While this version is very much recognisable as the mighty Atomic it’s not obvious that it is being performed by The Mission.  There’s nothing goth or rock about it and it almost feels a bit like the band were going through the motions for the sake of being on the charity record…but it is one of those songs that is worthy of a few listens to get a better picture.  It is quite a bit slower than the original and there’s some nice fiddly-electronics added in for good effect.  It’s certainly a lot better than the later version recorded by Sleeper for the Trainspotting soundtrack

Baby Come Back   #1 for The Equals in 1968, it was covered for Ruby Trax by Elektric Music

This is one of the most unusual takes of any of the songs covered on Ruby Trax.

Elektric Music was a new act for 1992 but it was the work of a very experienced and highly influential musician in the shape of Karl Bartos who had left Kraftwerk just a couple of years previously.  At the time it would have appeared quite a futuristic sounding number but it has rather dated over the past twenty-plus years, but if you can cast your mind back to the early 90s and listen to it in that context then you’ll probably enjoy it.

Bad Moon Rising   #1 for Creedence Clearwater Revival in 1969, it was covered for Ruby Trax by The Blue Aeroplanes

This is another song that has been widely covered in a variety of styles over the years but it is so famous in its original form that the new versions are usually found wanting.  The Blue Aeroplanes had been around for quite some time without ever really making any great inroads and their invitation to participate in this project does seem strange.  They do their own thing – i.e.. make a guitar-heavy song that could pass for a pub band doing a cover down a social club near you. They also made the track available on an EP release of their own in 1995.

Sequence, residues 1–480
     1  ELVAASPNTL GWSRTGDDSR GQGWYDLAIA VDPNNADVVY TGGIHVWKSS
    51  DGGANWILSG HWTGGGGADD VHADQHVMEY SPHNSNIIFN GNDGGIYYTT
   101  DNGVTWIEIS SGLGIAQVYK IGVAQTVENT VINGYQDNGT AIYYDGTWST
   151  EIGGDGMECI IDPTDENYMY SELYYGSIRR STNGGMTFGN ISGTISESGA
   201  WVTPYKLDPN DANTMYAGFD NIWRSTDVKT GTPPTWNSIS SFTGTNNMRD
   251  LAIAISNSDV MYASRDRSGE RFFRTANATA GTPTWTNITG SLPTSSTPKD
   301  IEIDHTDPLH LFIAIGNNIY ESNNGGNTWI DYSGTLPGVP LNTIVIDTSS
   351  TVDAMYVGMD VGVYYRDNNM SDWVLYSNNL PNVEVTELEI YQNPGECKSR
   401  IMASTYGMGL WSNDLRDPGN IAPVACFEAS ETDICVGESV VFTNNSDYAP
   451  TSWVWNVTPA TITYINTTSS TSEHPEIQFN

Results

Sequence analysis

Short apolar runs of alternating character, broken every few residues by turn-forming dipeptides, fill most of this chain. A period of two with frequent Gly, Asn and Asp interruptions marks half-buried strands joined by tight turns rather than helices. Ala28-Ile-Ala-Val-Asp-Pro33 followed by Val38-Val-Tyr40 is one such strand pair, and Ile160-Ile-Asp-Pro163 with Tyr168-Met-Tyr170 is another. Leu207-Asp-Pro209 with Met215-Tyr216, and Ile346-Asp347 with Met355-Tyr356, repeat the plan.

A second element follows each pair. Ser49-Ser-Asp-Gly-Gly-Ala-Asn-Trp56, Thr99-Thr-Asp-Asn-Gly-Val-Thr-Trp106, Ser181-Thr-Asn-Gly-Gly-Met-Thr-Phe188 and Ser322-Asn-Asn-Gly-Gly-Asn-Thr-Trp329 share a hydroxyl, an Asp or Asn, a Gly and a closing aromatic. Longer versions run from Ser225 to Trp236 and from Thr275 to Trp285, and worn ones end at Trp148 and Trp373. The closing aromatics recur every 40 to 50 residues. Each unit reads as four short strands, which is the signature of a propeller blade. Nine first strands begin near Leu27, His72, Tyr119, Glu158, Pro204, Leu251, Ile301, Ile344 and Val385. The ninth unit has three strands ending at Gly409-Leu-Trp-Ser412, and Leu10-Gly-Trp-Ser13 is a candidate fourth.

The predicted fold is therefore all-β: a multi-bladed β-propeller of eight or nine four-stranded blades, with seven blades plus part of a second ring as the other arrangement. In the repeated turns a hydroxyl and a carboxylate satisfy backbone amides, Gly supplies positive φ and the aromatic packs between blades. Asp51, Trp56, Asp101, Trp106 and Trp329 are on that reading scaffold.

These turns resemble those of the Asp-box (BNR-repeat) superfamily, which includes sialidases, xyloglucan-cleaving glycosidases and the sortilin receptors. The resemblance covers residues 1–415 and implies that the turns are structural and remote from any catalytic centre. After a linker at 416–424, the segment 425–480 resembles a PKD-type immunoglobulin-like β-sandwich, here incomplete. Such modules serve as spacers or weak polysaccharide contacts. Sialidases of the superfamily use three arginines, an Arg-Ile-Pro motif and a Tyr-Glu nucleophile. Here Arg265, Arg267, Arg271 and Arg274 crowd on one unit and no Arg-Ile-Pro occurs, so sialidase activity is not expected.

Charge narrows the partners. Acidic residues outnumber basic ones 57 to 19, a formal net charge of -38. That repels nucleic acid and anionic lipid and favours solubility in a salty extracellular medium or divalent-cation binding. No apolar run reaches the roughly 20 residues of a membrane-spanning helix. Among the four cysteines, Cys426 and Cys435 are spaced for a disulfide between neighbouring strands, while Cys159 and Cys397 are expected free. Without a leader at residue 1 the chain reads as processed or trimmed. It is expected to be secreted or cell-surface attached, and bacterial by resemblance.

Brass In Pocket  #1 for The Pretenders in 1980, it was covered for Ruby Trax by Suede

One of the great highlights of Ruby Trax.  That is of course if you’re a fan of Suede….if you’ve no time for that particular band you’ll probably have no time for it.  This was a band on the cusp of something very special on the back of just a couple of singles but they had a lead singer who was loved and loathed in equal measure.  Brett Anderson must have loved being given the chance to sing to the world that he was soooooo special.

Coz I Luv You  #1 for Slade in 1971, it was covered for Ruby Trax by The Wonder Stuff

The Wonder Stuff were also one of the biggest bands in the UK in 1992 – they were certainly one of the best live acts of the era. I’m guessing they wanted to cover Slade given that both bands hailed from the same area and had neither had ever hidden their pride of being from the Black Country in the West Midlands.

Both were bands that relied on a string instrument as a key part of their sound; indeed it was the electric violin as much as the glam-rock stomp chorus and fade-out that had made Coz I Luv You so massive back in the days – it is certainly a song that lodged in my memory as an 8-year old and I can sill sing along knowing all the words decades later. As such, it made perfect sense for The Stuffies, with their use of the talents of Martin Bell on the fiddle, to go with this song.